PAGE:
Malaysian govt fights race-baiting controversy over a 'Christian' postage stamp

Pos Malaysia said postage stamps showing prominent places of worship in Malaysia were first issued in November 2016, before Pakatan Harapan came to power.

KUALA LUMPUR - A controversy has broken out in Malaysia over postage stamps bearing a famous local church, as part of the tussle between Pakatan Harapan (PH) and Malay groups opposed to it.

Malay rights group ISMA, or Malaysia Muslim Solidarity group, said the issuing of a new stamp bearing a Christian symbol was "another example of Muslims being bullied" since PH won power in May 2018.

ISMA president Aminuddin Yahaya on Facebook: "So, if outsiders label Malaysia as a Christian nation, we should not be angered because we have been portrayed as such."

But the post office, Pos Malaysia, said postage stamps showing prominent places of worship in Malaysia - a mosque, Hindu and Buddhist temples, a Sikh gurdwara and a church - were first issued in November 2016, before PH came to power.

The new series of five stamps was issued on May 11, and is the second in the series.

Each stamp features a landmark building of one of the five main religions in Malaysia, including the St George church in Penang that was picked out by the ISMA chief.

Civil rights lawyer Syahredzan Johan wrote on Twitter: "According to Aminuddin Yahaya, the president of ISMA, Islam is being bullied because now there is a stamp with a church. But in 2016 (Malaysia) was under Barisan Nasional. So ISMA kept quiet then.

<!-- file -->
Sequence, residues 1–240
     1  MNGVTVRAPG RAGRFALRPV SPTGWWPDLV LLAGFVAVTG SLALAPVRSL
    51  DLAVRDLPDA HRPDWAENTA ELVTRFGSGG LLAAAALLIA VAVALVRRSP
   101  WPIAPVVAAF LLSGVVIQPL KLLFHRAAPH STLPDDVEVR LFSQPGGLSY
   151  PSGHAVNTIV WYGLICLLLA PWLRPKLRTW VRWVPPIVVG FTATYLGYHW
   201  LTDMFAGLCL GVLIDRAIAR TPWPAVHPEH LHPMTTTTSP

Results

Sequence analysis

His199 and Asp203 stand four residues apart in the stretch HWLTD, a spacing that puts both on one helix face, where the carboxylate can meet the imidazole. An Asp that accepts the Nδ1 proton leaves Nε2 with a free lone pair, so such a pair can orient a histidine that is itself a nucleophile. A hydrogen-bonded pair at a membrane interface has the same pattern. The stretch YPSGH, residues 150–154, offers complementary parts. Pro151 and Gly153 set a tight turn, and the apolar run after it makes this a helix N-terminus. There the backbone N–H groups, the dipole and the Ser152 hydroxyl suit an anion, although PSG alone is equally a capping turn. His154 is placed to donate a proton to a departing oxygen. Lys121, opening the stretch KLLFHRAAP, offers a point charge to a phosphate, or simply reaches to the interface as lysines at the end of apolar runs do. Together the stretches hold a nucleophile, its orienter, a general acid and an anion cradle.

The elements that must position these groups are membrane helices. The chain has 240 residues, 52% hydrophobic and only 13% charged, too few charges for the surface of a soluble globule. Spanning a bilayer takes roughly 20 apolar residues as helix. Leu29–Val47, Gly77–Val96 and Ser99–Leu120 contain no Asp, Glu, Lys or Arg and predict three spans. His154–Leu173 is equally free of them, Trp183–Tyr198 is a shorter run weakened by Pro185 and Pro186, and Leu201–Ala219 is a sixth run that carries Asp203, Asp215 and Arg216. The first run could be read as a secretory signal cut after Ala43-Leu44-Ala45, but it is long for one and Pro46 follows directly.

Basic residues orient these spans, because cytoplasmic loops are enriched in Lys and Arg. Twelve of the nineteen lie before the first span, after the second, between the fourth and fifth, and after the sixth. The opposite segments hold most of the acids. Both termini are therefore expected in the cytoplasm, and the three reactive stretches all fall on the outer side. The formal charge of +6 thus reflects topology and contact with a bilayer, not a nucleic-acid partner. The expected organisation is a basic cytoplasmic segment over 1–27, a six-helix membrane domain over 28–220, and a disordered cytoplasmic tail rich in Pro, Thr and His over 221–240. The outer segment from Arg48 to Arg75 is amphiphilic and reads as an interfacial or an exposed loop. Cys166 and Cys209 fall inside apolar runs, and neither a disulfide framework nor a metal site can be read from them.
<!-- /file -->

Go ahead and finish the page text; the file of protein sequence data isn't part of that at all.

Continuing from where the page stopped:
"In 2016. Was Islam also bullied in the BN era?"

The tussle is part of a wider fight between Malay and Muslim groups which back Umno-led BN and Parti Islam SeMalaysia, and which are trying to weaken PH's image among Malay voters.

These groups are pushing the narrative that Malaysia's majority race, the Malay Muslims who form some 60 per cent of the 32 million population is being sidelined and "bullied" since PH came to power.

On the other hand, according to this political narrative, too much support is given to the minorities, comprising non-Muslim Chinese, Indians and other races.

Mr Aminuddin has since deleted his posting.

Malaysia's defacto Islamic affairs minister Mujahid Yusof Rawa urged the Muslim community to stand up against the "corrupt narratives" of certain groups or individuals as such thinking does not promote Islam.

"The whole Muslim society must stand up against these thoughts which will lead Muslims and Malays into backwardness," Mr Mujahid said in Penang on Friday evening, as quoted by Malaysiakini news site.

The push by these groups against PH started when the government appointed non-Muslims as the chief justice, attorney-general and de facto law minister soon after it came to power, raising concerns that the move would weaken Malay and Muslim rights.

After chief justice Richard Malanjum retired, he was replaced this month with a Muslim, Tengku Maimun Tuan Mat, the first woman chief justice. But the appointment was largely ignored by these critics.

The PH government also spent RM26 billion (S$8.6 billion) to bail out two institutions close to the hearts of the Malays, pilgrimage fund Tabung Haji and land development authority Felda. But again, these efforts were largely ignored by the critics.

This article was first published in The Straits Times. Permission required for reproduction.